trol of those whose interests are the interests of the city and opposed
to the interests of rural communities. ■».'.•■
We protest against the centralization of authorities in the hands
of a few, unchecked by any power of recall, initiative and referendum.
We protest against the power in the hands of a few to levy taxes,
to buy and sell property, and to disburse funds without proper control
and supervision by the people whose financial interests are at stake.
We protest against the growing political and financial power of >,i
the city and against any attempt to weaken rural influence in rural
affairs. - ; Yo v VSflfSPwßßffif^PiH
We therefore resolve to oppose, by all fair and just means," aided v
by all those ■ who believe in ■ financial-and political; justice, :the plan-.-„
proposed'; by the State I Teachers'J;Educational Association ', to— ? ;': '
• Destroy the rural; school district. : Destroy ; the •; power of t the, ■':%,
Vaasyai- i-.;'*#•*■ «»f" ' j <■• ''•■' t '■■-"*••■ .vite taxpa •yjtf 1
I spending mctaey.f. Create a small [body,' to control school alf airs, great
ing them almost unlimited power, : and , surrendering i all ■ control and fe
supervision by the people whom they are supposed to represent but '
whom they can not and will not represent.
SIGNED :—
When all the signatures have been obtained, send the petition
to Comrade Kingery, with a letter worded as follows:
Hon. W. 11. Kingery, Olympia, Wash.
Dear Comrade:
Herewith is enclosed a petition of remonstrance against report
adopted by State Teachers' Educational Association held in Everett,
December 26-28, 1912, as embodied in House Bills 367, 65, 36. 394, .
398 355.
' We favor House Bill 325.
, Yours for the revolution,
i Put Politics Out Of The Schools
By J. E. Sinclair.
Some elderly persons, mostly ante
deluvians who have been teaching
school some time, have been throwing
a few fits on account of this socialist
educational bureau. From somewhere
in the midst of the fluff and feathers
they have kicked up, can be heard the
warning shriek: "Keep politics out
of the schools!"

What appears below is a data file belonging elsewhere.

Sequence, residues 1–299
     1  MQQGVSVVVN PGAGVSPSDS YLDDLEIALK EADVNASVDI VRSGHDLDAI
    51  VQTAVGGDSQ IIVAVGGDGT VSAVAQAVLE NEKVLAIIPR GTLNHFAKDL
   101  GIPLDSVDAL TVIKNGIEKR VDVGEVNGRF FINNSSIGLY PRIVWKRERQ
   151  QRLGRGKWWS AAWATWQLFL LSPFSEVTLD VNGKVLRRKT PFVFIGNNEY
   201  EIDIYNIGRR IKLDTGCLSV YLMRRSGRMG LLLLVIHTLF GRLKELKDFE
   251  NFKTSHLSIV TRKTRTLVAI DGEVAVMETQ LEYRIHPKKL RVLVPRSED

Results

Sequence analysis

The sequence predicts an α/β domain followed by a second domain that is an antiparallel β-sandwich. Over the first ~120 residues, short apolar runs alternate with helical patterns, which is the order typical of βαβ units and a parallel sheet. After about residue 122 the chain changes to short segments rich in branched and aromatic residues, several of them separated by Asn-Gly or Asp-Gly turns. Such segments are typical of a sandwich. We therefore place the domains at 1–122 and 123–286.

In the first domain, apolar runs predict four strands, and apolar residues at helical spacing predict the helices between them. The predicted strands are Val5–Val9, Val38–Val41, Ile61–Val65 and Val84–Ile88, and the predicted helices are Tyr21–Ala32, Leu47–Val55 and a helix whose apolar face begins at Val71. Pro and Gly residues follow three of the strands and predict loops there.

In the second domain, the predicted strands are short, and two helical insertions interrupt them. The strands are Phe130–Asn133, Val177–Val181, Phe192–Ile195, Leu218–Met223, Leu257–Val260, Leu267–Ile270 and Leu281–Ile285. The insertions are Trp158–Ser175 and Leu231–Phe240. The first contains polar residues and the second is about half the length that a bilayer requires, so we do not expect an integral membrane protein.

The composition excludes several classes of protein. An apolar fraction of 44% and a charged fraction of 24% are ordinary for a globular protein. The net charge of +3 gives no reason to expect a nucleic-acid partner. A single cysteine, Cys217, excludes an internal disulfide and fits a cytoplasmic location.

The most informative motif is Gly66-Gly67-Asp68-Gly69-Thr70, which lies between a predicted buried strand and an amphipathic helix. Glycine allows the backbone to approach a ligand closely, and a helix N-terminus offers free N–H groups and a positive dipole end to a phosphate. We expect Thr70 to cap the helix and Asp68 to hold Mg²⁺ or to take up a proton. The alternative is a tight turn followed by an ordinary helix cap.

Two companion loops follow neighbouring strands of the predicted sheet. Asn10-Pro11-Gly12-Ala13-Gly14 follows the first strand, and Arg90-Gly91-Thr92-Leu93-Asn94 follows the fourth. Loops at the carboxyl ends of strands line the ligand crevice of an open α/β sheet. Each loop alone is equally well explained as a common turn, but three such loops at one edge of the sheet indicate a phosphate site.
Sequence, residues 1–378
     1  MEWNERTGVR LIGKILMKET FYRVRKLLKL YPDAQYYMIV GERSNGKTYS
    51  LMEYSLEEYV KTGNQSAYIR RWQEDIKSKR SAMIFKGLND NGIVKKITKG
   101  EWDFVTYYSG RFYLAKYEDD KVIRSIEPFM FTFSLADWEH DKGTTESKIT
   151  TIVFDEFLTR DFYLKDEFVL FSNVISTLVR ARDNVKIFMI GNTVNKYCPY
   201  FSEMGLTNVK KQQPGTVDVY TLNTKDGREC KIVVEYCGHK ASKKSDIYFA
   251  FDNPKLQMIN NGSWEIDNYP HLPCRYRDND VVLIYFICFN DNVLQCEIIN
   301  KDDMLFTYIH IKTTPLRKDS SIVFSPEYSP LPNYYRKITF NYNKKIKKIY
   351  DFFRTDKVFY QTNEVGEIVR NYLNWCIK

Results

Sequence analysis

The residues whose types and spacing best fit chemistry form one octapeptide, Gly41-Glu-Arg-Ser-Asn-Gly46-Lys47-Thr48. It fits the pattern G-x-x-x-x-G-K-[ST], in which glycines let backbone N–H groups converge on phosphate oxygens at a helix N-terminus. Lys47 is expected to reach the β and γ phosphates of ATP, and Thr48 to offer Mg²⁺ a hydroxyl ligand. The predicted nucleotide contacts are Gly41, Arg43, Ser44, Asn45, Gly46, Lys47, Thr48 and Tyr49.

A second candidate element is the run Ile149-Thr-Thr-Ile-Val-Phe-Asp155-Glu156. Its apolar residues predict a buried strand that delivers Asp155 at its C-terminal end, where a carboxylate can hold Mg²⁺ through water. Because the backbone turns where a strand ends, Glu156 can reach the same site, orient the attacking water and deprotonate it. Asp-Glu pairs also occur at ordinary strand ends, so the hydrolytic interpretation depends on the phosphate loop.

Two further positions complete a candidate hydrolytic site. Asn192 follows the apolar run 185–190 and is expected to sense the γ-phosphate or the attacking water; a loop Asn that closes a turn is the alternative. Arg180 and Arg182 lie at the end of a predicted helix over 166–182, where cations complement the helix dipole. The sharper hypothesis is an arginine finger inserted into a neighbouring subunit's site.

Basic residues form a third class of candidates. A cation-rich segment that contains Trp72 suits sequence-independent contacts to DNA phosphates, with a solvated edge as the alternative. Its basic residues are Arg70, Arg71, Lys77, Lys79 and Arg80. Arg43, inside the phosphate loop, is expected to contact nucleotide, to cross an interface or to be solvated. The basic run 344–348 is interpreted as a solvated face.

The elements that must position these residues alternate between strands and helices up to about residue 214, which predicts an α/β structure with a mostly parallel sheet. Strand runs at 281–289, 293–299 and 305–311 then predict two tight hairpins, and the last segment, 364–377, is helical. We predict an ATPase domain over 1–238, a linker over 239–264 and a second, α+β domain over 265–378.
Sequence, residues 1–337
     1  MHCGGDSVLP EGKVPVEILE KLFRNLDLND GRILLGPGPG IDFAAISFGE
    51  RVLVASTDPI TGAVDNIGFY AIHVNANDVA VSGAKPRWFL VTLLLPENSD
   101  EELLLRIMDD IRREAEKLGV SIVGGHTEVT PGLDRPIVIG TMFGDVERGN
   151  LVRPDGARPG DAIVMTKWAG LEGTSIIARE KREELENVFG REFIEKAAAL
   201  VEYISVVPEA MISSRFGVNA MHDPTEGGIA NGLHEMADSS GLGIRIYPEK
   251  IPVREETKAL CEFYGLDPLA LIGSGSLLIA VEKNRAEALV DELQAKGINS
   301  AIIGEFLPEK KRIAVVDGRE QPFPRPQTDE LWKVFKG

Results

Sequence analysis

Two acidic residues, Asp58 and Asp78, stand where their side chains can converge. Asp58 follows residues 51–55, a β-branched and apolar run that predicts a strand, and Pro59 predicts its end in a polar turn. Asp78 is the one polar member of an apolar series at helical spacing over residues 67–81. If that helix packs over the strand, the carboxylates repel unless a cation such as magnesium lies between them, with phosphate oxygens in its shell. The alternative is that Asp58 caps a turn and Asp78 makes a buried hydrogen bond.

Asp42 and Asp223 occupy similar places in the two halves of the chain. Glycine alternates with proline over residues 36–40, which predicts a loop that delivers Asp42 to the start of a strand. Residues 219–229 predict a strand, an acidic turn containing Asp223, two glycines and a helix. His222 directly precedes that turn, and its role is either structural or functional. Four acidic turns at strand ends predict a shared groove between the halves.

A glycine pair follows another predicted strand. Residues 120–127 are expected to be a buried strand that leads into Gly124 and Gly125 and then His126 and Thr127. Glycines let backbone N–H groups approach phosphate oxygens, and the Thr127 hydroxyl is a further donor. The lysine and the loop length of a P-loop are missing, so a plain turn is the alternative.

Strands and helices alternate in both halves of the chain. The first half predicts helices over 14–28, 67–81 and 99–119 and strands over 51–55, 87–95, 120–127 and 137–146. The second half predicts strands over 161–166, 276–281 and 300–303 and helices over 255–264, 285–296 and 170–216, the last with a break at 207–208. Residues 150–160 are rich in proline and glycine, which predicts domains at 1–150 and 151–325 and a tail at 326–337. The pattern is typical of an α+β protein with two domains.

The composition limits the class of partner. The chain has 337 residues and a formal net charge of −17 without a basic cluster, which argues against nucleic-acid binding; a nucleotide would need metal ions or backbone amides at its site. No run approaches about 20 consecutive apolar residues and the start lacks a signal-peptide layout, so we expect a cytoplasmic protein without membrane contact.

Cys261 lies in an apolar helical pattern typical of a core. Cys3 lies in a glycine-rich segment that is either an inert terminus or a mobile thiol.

Now, my dear old dummies, this
bureau Is organized chiefly to PUT
POLITICS OUT OF THE SCHOOLS.
1 want you to notice the difference
between "put" and "keep." Your
squawk implies that the poison of
your politics has not infected the
schools, but you
Just step in here. This school room
is being instructed by Miss lllink
She's a bull mooser or a cow m
or soniethiiiK Hkc mat. Notico the
mil tlie imper..

and you can see the bull moose plat
form . tTUlll. !■■ 11l hiß
'hiiiK to her is political
-. 1. and i
Were not capitalism tottering to it 3 fall, and did not the
bow of socialism arch in glory the lowering thunder-belching
clouds that have hung so long like a gloom and a pal] over the
race of men, then would I, a3 did Abraham of old, lead my
toddling, laughing-eyed boy to the sacrifice block.—Bruce
Rogers.
NO. 112.
well was merely political, she thinks.
The war between the colonies and
King George was merely political.
Andrew Jackson's war with the United
States bank was merely political. Tho
debate between Webster and Hayne
was merely political. That's what she
thinks, and that is what she teaches.
To her the great dramatic moments
of the world's class struggles are mere
acts of parliament and political
speeches. The economic forces in tho
background, the class lines, the in
dustrial changes heaving at Hie strata
of ancient things are mysteries to her.
She does not know that political af
fairs are but the reflex of economic
affairs, that military prowess is but
the tooth and fang of Industrial might,
and that the ideals and ideas of any
given age nre pounded into shape by
the class that owns tho means of pro
duction, and remain until a new class
urged on by economic m'cesaity and
a growing class consciousness shat
ters the Intellectual castles by captur
ing Industrial power.
But watch Miss Blink teach "cur
rent" events. Foreign wars are dwelt
(Continued on Pago Four.)